It’s not ALL about the academic! (3)

We’re going to start to pull all our thoughts together on this issue and come to some sort of conclusion.

We’ve discussed the variety of problems that children can present at school that reflect their personal circumstances in life outside and we’ve also made the “obvious” statement that some individuals are just not academic!

So going back to our original title…..”Its not all about the academic!” – how are we now looking at this?

Quite obviously (well at least to me) there are many just as important skills, social, practical and functional that are equally as important as the academic skills we teach in school.


However – do we actually teach these skills?

There are minor attempts to teach things like this within the PSHE syllabus, however as we all know, its a bit of a mixed up curriculum which is largely an irrelevant mess and I think in all practicality is often skipped when curriculum time is tight! There may also be mention made in R.E however that has become overloaded as we “appreciate all faiths!” so not much there also!

No, the main way these sorts of skills and interactions are taught is by YOU ….in your classroom organisation and management. That’s why it is so important to be organised (as I keep banging on about !)

Here’s a few of the main points that you should be considering which have a great effect….

  • Firm but fair (and predictable) behaviour management plan
  • High standards of expectation in all things….however do recognise “improving standards” for children and praise and encourage this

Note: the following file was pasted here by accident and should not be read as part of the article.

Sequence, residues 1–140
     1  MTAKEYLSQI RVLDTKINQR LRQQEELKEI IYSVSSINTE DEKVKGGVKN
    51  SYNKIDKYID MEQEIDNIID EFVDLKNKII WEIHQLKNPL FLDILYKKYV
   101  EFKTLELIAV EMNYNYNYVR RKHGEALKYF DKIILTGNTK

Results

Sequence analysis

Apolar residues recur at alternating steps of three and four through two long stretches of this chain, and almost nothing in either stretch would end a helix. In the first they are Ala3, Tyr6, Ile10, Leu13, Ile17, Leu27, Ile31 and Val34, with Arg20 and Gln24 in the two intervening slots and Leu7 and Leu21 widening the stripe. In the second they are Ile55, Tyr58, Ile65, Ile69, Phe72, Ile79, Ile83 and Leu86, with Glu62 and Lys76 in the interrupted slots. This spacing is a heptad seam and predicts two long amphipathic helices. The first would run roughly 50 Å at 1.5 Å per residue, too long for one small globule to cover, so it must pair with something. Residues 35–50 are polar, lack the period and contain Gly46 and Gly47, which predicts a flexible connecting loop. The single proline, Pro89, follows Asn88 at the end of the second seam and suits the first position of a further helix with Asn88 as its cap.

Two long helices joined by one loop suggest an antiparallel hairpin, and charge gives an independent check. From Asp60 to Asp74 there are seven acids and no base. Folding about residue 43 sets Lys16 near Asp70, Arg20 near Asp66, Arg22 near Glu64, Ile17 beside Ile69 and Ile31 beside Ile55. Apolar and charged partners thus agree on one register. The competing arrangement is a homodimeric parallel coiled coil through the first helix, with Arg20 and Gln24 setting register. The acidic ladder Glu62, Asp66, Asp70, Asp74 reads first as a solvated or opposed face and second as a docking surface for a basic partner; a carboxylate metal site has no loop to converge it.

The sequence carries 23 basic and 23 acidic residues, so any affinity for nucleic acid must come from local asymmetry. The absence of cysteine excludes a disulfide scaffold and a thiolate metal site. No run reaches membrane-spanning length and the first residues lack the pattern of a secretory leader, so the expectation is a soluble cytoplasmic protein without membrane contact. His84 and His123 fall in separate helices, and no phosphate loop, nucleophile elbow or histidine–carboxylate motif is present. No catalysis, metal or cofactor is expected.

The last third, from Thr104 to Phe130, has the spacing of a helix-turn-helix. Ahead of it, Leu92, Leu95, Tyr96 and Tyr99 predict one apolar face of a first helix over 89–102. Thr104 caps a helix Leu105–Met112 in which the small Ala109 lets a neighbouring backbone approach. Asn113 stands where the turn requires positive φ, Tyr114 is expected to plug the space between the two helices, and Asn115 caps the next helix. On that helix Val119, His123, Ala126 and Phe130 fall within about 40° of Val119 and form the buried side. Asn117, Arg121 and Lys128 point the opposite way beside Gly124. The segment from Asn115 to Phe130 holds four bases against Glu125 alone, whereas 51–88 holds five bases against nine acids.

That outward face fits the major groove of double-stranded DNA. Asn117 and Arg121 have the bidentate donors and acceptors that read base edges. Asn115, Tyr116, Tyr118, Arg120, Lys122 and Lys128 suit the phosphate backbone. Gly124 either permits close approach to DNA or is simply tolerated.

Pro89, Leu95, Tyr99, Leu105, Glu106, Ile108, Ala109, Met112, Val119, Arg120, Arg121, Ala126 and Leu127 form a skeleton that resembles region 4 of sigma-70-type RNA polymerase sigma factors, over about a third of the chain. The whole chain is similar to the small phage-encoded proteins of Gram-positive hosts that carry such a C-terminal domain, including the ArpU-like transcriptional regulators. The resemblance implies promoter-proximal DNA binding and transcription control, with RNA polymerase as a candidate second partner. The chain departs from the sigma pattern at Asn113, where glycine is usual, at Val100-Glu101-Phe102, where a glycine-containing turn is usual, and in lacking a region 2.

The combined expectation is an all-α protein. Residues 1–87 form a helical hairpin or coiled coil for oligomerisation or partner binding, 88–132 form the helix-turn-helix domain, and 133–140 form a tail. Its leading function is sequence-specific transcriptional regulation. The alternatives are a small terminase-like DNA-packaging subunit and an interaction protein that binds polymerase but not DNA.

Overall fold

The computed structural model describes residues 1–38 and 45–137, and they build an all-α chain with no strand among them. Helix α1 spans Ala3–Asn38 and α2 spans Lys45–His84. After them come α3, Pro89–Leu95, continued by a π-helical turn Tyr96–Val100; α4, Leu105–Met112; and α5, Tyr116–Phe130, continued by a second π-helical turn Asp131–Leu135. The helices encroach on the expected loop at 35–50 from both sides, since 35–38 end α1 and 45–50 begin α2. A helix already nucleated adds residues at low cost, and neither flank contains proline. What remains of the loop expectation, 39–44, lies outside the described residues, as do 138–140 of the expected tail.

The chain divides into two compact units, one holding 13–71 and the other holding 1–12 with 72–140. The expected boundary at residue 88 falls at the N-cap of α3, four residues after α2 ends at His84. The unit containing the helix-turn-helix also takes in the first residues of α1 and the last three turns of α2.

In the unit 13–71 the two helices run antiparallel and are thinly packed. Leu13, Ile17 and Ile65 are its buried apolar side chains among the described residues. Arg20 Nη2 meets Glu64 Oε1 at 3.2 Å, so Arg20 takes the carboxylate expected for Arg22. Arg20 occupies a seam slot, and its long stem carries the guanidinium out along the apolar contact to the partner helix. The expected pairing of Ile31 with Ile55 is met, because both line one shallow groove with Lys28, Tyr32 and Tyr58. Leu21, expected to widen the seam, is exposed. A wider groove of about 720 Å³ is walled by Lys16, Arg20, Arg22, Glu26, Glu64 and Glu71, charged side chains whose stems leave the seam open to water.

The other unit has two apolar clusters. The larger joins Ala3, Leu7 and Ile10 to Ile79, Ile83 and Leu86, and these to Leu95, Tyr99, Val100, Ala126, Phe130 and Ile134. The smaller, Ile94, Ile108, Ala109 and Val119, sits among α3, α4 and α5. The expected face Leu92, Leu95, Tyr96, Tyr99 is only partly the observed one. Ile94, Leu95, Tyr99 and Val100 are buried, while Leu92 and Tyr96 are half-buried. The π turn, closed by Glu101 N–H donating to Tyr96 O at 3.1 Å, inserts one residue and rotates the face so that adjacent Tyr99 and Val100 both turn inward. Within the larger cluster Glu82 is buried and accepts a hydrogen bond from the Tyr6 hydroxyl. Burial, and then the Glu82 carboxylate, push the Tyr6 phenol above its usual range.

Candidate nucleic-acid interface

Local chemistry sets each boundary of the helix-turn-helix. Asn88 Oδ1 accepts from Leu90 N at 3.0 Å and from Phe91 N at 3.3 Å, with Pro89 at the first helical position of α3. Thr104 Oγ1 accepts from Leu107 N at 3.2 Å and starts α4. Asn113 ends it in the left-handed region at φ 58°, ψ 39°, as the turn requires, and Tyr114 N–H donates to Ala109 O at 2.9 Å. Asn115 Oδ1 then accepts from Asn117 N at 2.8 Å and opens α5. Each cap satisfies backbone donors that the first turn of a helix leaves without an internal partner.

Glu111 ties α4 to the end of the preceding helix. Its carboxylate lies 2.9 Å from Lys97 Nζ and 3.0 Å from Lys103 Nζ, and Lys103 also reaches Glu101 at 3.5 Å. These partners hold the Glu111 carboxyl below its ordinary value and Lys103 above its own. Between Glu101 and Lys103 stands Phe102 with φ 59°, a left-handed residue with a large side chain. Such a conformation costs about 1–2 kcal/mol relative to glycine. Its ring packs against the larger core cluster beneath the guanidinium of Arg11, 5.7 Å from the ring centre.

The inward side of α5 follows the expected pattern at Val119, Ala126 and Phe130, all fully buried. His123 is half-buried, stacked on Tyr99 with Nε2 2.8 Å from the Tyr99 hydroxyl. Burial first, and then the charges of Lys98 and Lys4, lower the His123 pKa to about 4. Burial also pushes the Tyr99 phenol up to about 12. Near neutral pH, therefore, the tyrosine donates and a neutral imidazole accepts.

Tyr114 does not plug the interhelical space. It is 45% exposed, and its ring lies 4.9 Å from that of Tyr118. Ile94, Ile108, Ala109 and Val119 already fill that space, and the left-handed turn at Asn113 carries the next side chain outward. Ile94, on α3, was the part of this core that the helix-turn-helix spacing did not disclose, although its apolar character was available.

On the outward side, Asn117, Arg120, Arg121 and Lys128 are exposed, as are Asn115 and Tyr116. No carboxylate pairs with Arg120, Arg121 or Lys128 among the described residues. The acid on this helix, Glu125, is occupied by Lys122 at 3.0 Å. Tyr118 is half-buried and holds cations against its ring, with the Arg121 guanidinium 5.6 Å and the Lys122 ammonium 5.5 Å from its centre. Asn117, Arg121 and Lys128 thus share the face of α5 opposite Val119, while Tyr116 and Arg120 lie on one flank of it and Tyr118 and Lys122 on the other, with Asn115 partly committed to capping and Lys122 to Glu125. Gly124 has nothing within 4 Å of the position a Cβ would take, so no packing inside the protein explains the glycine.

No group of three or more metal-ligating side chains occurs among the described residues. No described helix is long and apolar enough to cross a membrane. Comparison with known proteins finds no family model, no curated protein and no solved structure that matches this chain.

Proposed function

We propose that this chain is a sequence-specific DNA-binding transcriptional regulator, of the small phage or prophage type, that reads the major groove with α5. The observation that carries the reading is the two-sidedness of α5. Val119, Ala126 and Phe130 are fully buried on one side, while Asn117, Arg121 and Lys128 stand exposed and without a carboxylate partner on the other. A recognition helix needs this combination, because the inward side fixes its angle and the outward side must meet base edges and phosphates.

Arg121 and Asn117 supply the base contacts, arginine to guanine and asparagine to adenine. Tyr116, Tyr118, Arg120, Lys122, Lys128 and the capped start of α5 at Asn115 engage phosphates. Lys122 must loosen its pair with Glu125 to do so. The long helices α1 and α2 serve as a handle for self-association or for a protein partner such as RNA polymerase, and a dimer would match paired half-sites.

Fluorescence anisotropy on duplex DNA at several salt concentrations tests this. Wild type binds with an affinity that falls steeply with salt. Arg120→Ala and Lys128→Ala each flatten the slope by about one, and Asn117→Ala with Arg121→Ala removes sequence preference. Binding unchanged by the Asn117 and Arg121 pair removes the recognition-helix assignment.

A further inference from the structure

• Seating arrangement and group mix
  • To create yourself as a an approachable and trusted person.
  • To be the “head ” of your own class…i.e you’re the boss


Always keep in mind that ALL children should achieve success at whatever level and in whatever area of activity.

These are the key points that you are looking to teach and encourage in children

  • Confidence – in themselves and in what they do ….even in new challenges
  • To be able to deal with failure and not give up
  • To be friendly and outgoing to others
  • To be able to work with others and in a group
  • To accept authority and rules
  • To trust other people including adults
  • To feel confident enough to confide in trusted adults
  • To be honest, truthful and responsible
  • To care for others and be able to empathise with the situations of others.
  • pupils-with-a-teacher-in-class

When you look at that list it seems a tall order…..and there are many children where hardly any will initially apply.

However within your classroom structure, day to day operation and with your personal example demonstrated at all times – you will find that gradually the children in your class will start to approach and achieve some if not all of the above aims.

What we are trying to do is to encourage children to be at ease with themselves and the world around them. We create an environment that not only encourages these vital aspects within a child’s personality but also recognises their importance in contributing towards academic learning achievement.

The principle aim of education is to prepare children for the outside world.

We should aspire to teach the children in our care to be well rounded, responsible and caring individuals. In my opinion this is just as important as any academic progress that we can measure. It is an interesting fact that without progress in this side of a child’s education then academic progress will either be slow or even non existent.

For ALL children this developmental progress is vital in their lives – YES, the academic progress is important and we recognise that we are trying to enable children to achieve to the best of their ability. However academic progress is subject to academic ability – whereas developmental progress is vital for all children!

In the current drive for ever increasing academia in Primary schools are we perhaps missing out on the basic foundations so vital in a  child’s development?







Leave a Reply

Your email address will not be published. Required fields are marked *